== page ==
Book Review: Come to Grief, by Dick Francis

come to griefCome to Grief by Dick Francis

When ex-jockey Sid Halley becomes convinced that one of his closest friends–and one of the racing world’s most beloved figures–is behind a series of shockingly violent acts, he faces the most troubling case of his career.

This book brings the return of narrator Sid Halley (Odds Against; Whip Hand) as the one-handed PI and ex-jockey takes on a case of multiple mutilations of thoroughbreds; unnervingly, the amputation of the animals’ front left hooves mirrors Sid’s own injury. The investigator soon realizes that the man behind the crimes is his old friend Ellis Quint, ex-gentleman jockey and now a beloved TV host.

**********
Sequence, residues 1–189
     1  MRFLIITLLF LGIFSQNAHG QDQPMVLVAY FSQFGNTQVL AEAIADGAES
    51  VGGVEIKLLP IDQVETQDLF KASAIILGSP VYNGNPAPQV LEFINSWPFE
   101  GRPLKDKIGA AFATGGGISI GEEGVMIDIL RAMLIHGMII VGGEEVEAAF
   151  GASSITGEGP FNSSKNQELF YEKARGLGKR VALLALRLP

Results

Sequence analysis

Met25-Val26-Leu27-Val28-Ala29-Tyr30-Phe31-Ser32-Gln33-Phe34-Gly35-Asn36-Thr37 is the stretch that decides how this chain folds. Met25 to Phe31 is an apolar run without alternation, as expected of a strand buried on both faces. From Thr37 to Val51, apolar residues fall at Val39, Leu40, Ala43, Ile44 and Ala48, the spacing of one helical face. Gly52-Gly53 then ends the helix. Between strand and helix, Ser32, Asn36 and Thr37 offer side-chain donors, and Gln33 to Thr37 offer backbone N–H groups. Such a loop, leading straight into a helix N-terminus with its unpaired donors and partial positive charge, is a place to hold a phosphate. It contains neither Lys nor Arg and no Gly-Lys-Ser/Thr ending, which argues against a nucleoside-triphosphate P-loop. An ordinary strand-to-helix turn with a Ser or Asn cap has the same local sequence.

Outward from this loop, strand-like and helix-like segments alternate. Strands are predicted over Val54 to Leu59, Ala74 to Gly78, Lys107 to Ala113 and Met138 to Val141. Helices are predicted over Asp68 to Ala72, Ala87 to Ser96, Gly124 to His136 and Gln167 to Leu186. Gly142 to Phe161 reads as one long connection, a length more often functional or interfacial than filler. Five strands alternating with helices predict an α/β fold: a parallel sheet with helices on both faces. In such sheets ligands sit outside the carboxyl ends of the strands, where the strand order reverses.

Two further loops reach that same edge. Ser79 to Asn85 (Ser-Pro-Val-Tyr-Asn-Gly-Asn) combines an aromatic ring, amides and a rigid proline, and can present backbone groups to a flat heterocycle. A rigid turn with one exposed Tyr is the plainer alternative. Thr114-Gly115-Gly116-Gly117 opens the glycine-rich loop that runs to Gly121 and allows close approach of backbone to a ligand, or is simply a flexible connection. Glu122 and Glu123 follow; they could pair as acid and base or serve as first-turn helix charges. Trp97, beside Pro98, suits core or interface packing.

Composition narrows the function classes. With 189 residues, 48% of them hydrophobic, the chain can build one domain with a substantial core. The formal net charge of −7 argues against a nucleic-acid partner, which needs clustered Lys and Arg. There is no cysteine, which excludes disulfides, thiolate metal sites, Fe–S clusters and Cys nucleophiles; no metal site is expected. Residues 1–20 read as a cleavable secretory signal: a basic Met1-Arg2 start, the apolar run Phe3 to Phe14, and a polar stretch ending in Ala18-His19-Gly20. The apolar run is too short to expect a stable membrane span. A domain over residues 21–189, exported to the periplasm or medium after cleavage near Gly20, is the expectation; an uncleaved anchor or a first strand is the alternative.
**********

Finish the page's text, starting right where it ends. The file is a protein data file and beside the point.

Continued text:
Sick at heart, Sid builds a strong case; but, when Quint is charged, British law bars any public discussion of the case, rendering Sid mute at the huge public backlash against him.

Particularly vicious and unrelenting is The Pump, a garish tabloid. When another mutilation occurs and Ellis has a seemingly unbreakable alibi, Sid finds some odd connections between a business tycoon, The Pump’s noble owner and Ellis. Finally, the honourable, brave and thoroughly decent Sid faces his worst nightmare – the loss of his good hand – while doing what he must.

Another decent story from the Dick Francis stable (sorry).

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